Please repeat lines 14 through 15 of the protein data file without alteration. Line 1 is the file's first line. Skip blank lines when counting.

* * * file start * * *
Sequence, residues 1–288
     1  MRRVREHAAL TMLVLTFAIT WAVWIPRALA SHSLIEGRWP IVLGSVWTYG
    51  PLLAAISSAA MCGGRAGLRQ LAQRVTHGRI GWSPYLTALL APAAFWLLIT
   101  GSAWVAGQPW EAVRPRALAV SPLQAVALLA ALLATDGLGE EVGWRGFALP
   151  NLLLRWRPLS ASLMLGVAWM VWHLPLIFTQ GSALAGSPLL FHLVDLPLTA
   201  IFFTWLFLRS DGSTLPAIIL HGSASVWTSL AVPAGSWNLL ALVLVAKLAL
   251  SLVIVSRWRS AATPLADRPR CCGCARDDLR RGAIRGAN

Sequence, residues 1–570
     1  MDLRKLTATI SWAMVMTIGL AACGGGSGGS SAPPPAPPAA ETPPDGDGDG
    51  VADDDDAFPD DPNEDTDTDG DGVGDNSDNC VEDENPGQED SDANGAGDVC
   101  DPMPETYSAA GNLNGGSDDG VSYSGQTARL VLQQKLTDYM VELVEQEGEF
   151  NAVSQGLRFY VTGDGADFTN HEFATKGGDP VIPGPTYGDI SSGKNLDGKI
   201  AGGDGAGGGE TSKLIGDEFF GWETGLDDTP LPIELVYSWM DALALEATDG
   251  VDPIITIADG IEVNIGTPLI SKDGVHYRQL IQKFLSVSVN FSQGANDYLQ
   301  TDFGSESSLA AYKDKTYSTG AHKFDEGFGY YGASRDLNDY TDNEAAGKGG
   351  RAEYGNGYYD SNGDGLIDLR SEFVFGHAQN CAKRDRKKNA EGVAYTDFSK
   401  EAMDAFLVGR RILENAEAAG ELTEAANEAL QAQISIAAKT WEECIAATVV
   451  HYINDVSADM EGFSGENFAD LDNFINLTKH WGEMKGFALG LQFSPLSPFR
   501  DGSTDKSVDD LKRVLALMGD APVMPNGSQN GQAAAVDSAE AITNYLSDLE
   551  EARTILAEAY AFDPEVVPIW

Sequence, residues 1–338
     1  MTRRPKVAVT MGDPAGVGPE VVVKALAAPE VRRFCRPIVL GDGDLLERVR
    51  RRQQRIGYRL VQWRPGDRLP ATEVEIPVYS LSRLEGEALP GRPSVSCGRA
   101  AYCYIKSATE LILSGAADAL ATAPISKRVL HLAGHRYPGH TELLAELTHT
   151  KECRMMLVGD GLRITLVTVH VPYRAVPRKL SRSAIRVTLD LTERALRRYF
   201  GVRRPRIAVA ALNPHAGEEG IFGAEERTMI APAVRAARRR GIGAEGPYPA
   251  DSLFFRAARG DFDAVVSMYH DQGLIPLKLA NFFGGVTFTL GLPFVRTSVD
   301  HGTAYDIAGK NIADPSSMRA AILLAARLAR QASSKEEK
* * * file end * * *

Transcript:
   251  VDPIITIADG IEVNIGTPLI SKDGVHYRQL IQKFLSVSVN FSQGANDYLQ
   301  TDFGSESSLA AYKDKTYSTG AHKFDEGFGY YGASRDLNDY TDNEAAGKGG